Sometimes it is a coincidence, other times it is a matter of destiny. Every January 20th, one of the world's most Michelin-starred cities, San Sebastian, celebrates the day of its patron saint.
The day, named after the city itself, sees thousands of people jumping into the streets dressed as cooks and beating drums and barrels that can be heard from far away.
From uncertain origins, the first celebration of San Sebastian Day dates back to 1597, when in the midst of an epidemic plague near the city, the inhabitants went in procession to pray to Saint Sebastian. It is said that the plague subsided, and since then the saint has been honoured by celebrating this day.
There are still small traces of the religious celebration, but over the years the day of San Sebastian has become, above all, a popular festival, honouring its saint with 24 hours filled with the roar of drums.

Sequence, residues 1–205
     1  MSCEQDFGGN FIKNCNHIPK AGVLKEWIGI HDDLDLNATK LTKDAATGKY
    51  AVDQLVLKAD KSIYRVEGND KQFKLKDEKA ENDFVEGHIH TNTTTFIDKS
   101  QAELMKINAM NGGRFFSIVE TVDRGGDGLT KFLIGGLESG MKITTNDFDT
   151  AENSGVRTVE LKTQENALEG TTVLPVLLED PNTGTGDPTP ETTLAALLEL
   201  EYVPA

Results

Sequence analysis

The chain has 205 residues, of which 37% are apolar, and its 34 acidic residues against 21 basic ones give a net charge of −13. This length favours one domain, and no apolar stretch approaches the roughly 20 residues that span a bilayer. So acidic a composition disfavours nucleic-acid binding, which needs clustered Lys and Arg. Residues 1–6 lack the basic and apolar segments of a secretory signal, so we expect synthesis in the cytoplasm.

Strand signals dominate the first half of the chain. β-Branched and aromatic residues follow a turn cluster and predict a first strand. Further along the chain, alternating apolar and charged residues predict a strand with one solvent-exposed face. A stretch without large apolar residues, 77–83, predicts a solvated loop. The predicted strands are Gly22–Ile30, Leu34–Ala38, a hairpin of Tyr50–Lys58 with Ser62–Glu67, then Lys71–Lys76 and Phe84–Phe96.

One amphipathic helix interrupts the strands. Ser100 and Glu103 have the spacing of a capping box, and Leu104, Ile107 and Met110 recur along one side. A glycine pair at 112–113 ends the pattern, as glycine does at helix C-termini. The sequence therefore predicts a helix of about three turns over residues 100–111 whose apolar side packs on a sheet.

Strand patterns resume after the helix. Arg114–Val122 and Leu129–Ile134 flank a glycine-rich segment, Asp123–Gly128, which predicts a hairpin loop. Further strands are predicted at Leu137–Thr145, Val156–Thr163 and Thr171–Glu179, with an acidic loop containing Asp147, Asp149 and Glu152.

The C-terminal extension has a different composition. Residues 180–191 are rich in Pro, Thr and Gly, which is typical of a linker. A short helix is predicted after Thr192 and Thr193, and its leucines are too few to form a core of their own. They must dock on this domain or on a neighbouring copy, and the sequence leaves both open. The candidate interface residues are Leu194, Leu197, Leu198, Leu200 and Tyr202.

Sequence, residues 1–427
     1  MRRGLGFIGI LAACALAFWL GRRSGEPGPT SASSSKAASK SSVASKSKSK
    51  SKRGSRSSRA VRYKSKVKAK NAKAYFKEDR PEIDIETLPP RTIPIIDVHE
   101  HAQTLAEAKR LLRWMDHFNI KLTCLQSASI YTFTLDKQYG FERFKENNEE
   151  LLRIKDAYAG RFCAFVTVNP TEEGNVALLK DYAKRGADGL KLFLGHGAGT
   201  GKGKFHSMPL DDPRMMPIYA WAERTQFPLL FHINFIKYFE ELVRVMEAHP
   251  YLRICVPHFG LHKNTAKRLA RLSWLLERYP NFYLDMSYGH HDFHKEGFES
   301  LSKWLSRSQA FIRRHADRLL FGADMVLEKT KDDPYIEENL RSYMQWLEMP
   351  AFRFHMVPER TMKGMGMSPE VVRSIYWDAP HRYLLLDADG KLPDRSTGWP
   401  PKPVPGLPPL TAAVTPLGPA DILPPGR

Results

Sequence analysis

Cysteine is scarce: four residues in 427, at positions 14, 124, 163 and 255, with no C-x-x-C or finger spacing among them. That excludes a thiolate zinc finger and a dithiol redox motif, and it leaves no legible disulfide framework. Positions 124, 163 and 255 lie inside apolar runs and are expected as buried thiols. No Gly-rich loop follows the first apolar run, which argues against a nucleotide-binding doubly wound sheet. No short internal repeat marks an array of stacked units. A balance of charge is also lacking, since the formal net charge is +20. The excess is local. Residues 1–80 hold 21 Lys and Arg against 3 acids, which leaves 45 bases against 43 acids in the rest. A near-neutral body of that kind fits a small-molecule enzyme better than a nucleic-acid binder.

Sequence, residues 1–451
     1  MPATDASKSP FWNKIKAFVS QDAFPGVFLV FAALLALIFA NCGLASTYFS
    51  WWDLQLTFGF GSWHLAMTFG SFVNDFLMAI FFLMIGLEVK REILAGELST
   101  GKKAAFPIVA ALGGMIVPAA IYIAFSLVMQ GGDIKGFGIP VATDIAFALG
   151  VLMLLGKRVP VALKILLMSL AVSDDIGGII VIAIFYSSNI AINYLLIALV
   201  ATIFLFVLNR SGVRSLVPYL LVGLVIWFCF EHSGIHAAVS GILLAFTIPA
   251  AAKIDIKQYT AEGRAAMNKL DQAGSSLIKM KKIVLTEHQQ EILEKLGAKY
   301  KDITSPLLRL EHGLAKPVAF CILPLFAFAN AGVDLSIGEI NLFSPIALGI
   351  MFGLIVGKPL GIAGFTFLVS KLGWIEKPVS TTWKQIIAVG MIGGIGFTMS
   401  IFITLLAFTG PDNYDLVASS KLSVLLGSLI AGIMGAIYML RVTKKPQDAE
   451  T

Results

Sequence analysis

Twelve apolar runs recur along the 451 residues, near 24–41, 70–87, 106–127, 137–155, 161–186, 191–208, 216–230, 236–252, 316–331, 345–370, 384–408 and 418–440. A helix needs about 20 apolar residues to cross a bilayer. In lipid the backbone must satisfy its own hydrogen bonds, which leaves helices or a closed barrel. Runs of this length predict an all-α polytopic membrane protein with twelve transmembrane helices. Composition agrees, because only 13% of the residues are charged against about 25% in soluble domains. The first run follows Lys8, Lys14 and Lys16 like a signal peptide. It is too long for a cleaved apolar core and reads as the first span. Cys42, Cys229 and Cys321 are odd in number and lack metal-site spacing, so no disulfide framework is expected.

There are more than 17,000 people dressed as cooks and traditional soldiers, divided into about 150 drumming groups called ‘tamborradas’, one for each gastronomic society. Each has its sappers (who parade with large knives, forks or spoons), standard-bearers, drums and barrels, led by a drum major and accompanied by a band. The cooks make up the largest group of the whole ‘tamborrada’ and the representation of the citizenship.
Everything kicks off at 00:00 on January 20th, when the mayor of the city raises the city flag in front of thousands of citizens in the Constitution Square, which unfortunately is not big enough to hold all the inhabitants who celebrate the day of their patron saint. After singing the march of San Sebastian, composed by Raimundo Sarriegui, people run to meet the ‘tamborradas’, each with its own drum-beating route through the city.
A beat that won't end until 24 hours later.
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